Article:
Yolanda López, “Portrait of the Artist as the Virgen of Guadalupe,” 1978, oil pastel on rag paper. Lopez was 79 when she received the fellowship this summer, but passed away in early September. “We are so honored to have recognized her artistic importance, but it’s also so sad that this recognition came so late in her life,” says Adriana Zavala.“After the first session, a bunch of us gathered to talk about how excited we were to be in conversation with each other—none of us knew each other,” Zavala says. Rose Salseda, now an assistant professor at Stanford, proposed creating an affiliated society of College Art Association for Latinx art, which led to the formation of USLAF, with Zavala and a few others.

Fast forward several years, and USLAF—an all-volunteer organization—had grown to more than 350 members. In response to the pandemic, in 2020 with a grant from the Ford Foundation it launched the Mazorca Initiative, to assist Latinx artists suffering from loss of income. One component gave micro grants to artists to create short videos of themselves talking about a work of art—a way to help people whose livelihoods were suffering and bring their work to wider attention.

Around the same time, two program managers at the Andrew W. Mellon Foundation and the Ford Foundation had been wanting to find a way to bring greater visibility to U.S. Latinx artists, who are “really underrepresented in not just exhibitions, but museums and especially collecting,” Zavala says. They came up with a program that would give a five-year total of 75 unrestricted fellowship grants to Latinx artists—especially visual artists.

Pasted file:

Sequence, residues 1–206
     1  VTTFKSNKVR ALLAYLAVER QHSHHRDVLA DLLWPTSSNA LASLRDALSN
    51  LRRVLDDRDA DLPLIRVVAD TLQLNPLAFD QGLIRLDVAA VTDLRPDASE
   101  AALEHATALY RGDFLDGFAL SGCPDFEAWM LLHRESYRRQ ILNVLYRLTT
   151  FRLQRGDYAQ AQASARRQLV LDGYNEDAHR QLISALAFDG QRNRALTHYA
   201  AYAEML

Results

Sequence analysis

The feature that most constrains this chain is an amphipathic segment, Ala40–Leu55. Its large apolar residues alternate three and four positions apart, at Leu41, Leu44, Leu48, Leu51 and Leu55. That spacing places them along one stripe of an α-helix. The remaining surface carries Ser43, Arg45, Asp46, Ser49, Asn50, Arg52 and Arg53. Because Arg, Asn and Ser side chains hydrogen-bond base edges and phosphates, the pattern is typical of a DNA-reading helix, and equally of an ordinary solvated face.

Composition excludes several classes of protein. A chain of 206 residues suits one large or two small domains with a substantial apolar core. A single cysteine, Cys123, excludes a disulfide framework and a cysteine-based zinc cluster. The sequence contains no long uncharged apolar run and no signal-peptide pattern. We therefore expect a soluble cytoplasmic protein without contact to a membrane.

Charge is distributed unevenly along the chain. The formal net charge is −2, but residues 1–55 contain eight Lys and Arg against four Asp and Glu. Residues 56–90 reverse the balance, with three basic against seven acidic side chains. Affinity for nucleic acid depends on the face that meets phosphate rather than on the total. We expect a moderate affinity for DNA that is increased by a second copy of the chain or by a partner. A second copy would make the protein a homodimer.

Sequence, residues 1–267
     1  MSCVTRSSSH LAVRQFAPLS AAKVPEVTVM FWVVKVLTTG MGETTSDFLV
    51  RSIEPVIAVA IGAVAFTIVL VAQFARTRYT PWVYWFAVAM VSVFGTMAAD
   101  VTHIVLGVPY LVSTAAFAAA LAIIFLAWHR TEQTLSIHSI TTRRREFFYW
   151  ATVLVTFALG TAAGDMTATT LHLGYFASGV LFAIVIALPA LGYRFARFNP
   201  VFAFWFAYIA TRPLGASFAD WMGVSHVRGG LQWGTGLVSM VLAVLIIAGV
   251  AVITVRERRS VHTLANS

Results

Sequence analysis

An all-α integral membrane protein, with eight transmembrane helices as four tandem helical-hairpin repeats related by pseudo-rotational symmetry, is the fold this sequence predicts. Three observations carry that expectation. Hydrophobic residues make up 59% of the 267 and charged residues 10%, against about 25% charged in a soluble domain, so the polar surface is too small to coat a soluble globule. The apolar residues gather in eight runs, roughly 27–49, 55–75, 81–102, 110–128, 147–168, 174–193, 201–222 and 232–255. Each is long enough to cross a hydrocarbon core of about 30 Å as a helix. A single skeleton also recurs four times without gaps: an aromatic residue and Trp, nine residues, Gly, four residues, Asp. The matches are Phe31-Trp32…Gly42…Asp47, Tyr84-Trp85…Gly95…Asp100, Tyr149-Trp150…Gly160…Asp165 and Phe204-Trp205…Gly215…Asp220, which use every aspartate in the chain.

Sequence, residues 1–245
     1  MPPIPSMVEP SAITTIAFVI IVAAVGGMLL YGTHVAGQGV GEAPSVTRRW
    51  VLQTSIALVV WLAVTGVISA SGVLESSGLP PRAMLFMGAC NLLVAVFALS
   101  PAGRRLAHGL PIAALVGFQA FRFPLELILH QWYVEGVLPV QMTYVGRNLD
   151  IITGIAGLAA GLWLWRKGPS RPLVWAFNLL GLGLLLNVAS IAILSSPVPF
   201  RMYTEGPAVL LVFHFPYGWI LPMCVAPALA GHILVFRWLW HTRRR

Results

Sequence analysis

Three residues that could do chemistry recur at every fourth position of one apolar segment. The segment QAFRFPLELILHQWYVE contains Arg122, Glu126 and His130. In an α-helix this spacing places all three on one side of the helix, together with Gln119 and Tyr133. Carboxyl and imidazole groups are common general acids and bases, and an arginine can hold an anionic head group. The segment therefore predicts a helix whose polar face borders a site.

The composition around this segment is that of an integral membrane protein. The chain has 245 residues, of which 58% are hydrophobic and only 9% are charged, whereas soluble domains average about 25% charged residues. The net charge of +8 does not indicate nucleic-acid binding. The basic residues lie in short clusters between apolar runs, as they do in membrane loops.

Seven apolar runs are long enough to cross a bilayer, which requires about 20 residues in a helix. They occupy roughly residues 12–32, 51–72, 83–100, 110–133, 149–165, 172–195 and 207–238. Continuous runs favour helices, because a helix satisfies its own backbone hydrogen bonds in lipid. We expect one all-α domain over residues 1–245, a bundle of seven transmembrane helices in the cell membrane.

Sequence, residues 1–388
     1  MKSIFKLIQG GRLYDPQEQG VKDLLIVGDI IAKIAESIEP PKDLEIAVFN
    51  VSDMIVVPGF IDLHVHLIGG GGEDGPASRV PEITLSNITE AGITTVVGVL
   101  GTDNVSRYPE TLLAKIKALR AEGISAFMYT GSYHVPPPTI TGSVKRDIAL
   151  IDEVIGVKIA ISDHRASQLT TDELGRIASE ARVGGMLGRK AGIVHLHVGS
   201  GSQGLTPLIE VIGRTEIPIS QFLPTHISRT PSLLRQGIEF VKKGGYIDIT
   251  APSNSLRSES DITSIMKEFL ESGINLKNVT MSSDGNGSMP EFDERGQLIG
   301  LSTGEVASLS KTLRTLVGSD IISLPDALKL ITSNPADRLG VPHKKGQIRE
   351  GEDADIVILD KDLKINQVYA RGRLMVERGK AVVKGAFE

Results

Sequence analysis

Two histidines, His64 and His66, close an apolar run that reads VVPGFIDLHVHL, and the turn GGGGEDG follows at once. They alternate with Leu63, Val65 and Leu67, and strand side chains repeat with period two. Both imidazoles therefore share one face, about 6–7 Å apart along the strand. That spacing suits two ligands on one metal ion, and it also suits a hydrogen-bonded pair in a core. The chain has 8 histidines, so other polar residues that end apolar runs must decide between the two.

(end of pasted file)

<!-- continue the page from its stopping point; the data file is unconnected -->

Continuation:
The Latinx Artist Fellowship program recognizes “the most compelling Latinx visual artists working in the United States today, and aims to address a systemic lack of support, visibility, and patronage of Latinx visual artists—individuals of Latin American or Caribbean descent, born or living in the United States,” the foundations announced in a press release.

But they needed an organization to administer the program. That’s where USLAF came in. Working with the foundations and in collaboration with the New York Foundation for the Arts, USLAF solicited nominations for the fellowships and had a seven-member jury, which chose the first 15 recipients this summer. Zavala and her colleagues at USLAF were able to hire full-time paid staff for the first time, who oversee the program details.

Delilah Montoya, “Humane Borders Water Station,” 2004, inkjet print. Montoya is a 2021 Latinx Arts Fellowship recipient. Photo: Courtesy of the artist“Some of the artists have indicated that this will be the first time they’ll be able to hire a studio assistant or an archivist, to support them in their practice, so that they can do the creative work, and have a sense that their legacy is organized,” Zavala says.

Zavala continues to research and write, in addition to her teaching and work for USLAF. She’s just finished a book “that looks at the way that Mexican intellectuals in the 20th century, as new archeological evidence was coming to the fore, began to reimagine and re-envision Mexico City as the modern incarnation of the Aztec capital city of Tenochtitlan.”

But her work bringing greater visibility to Latinx artists in the U.S. is never far from her mind. “I am an ardent advocate for this because I’m passionate about it,” she says.

Taylor McNeil can be reached at taylor.mcneil@tufts.edu.